What’s going on with the beach sun?
Posted September 25, 2018 04:37:18 The sun is out, and so is the sunbathers.
The beaches are full of shade, but as with so many things in this era of global warming, the effects are still not fully understood.
“It’s an issue with the atmosphere and we haven’t really got a good idea of how it’s happening,” Dr Stephen Deacon from the University of Melbourne said.
“It’s just really interesting to think that we haven, for some reason, a sunnier climate than we would expect given the CO2 we’re putting in the atmosphere.”
As the climate warms, so too will the amount of sunshine.
In the tropics, the amount varies from country to country, but in the tropic, the average is around half as much.
So while it’s great that Australia is getting more sun, the problem is we are also getting less.
“We are losing the sun and it’s the sun that makes the difference,” Dr Deacon said.
Dr Deacon has been tracking the sun’s energy for the past two years.
In a study published in February, he found that a decade ago, Australia was getting about 5.7 times as much sun as it was getting today.
This means that it is not just about getting more sunlight but also that it has a much higher impact on climate.
“There’s some uncertainty as to what exactly is going on in Australia’s atmosphere,” Dr Lea said.
“What we know is that it’s very, very variable and we’re seeing some variability in that variability, particularly in the Australian tropics.”
So it’s not that Australia’s got all the sun, but there’s variability there that we’re not seeing in other parts of the world.””
We’re seeing a lot of variability in the climate of Australia,” Dr Lavery said.
The Australian Bureau of Meteorology (ABS) says that the number of days with no sunshine in Australia increased by about two days last year.
But while this increase in days without sunshine is a sign of progress, it also shows the potential for the number to increase.
In the past year, it has been suggested that it may be possible to mitigate climate change by shifting the amount and types of sunshine, but so far, there is no evidence to support this idea.
The Sun’s RoleIn a climate that is warming up faster than anywhere else in the world, Australia is seeing more days with less sunshine.
The number of Australian days without sun increased from 4.2 days in the year 2000 to 6.7 days in 2016, according to the Australian Bureau for Meteorology.
While the increase in sunshine has been more pronounced in Australia, other parts, like South America and the Caribbean, have seen smaller increases.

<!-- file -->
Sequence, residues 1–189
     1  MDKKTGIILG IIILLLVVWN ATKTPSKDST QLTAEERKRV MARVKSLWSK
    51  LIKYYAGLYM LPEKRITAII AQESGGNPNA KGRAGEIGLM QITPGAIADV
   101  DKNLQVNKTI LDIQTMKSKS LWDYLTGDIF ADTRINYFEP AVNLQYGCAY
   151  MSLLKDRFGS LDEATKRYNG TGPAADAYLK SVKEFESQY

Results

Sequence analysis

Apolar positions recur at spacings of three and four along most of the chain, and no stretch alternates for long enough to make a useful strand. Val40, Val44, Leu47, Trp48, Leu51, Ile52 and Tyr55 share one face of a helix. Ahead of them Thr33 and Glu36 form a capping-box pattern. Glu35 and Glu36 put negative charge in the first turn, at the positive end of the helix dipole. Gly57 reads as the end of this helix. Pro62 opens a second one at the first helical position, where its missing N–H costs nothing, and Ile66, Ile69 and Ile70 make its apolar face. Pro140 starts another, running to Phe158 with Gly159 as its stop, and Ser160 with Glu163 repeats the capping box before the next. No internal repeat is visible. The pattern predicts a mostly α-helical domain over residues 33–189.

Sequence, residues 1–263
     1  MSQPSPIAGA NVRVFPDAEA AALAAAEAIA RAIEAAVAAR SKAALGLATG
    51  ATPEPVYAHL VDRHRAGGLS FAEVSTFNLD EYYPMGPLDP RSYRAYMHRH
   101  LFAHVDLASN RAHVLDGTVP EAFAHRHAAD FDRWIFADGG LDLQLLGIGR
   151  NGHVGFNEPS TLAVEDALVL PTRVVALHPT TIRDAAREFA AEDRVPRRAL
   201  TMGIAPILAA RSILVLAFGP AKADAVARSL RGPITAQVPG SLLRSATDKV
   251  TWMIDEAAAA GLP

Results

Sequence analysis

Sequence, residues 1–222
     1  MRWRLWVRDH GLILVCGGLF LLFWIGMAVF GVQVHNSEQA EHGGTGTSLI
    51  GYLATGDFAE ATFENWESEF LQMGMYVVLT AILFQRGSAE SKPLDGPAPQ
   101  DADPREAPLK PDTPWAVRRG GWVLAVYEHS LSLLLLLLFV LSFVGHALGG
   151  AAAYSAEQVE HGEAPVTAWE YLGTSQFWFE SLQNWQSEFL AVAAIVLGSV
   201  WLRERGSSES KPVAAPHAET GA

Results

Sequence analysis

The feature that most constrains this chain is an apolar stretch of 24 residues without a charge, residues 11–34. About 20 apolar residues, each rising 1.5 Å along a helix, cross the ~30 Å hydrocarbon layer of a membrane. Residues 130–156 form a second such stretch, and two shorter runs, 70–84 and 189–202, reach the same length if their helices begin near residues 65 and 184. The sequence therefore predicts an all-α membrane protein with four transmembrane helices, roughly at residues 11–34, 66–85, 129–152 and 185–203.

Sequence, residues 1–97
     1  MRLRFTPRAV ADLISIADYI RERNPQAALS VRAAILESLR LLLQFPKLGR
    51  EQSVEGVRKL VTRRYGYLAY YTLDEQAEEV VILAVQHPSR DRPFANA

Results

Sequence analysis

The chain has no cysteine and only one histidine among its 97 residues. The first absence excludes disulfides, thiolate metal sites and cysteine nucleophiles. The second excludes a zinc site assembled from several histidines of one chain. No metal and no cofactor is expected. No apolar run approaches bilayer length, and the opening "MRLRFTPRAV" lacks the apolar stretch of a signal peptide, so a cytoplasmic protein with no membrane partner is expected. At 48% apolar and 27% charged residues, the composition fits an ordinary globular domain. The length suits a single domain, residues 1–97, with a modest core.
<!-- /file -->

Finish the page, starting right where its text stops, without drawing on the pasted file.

It could also be impacting on marine life. “
It does mean that the land could be losing more and more land, and that that could have a significant impact on the amount that the planet can receive,” Dr John Lavery, a professor of geography at the University at Albany, said.
It could also be impacting on marine life.
Dr Lavery says that marine life is already experiencing a loss of habitat due to climate change.
So it is no surprise that we have seen increased numbers of dead corals, sea turtles and other marine life, such as jellyfish, in recent years.
It is also no surprise, Dr Layes said, that we see a greater number of dead animals in the ocean, including animals that would have otherwise lived.
“The impacts are significant, and the impacts on people are significant,” Dr Lavey said.
When it comes to the climate change impact on land, the ABS said that more than half of Australia’s coastal areas experienced some type of coral bleaching.
Of the coastal areas, the northern beaches of Victoria and the Queensland coast experienced the most bleaching, with a rate of about one per day.
This means that in these areas, there could be many dead animals as the sea levels rise.
Dr Layes says that it could be the ocean itself that is contributing to the increase.
“One of the things that we’ve seen in the past couple of years is a very significant increase in the amount, the rate of the amount,” Dr lavery said, adding that the sea level is rising.
According to Dr Laves study, the sea surface is about 2.5 millimetres higher than it was 20 years ago, meaning that the amount we are seeing of the sea is more than twice the amount the oceans were at before the industrial revolution.
With more than 80 per cent of the continent covered in coral reefs, there are likely to still be many marine species that do not survive.
“If the sea water is more acidic, it could actually be that these species could not survive, so you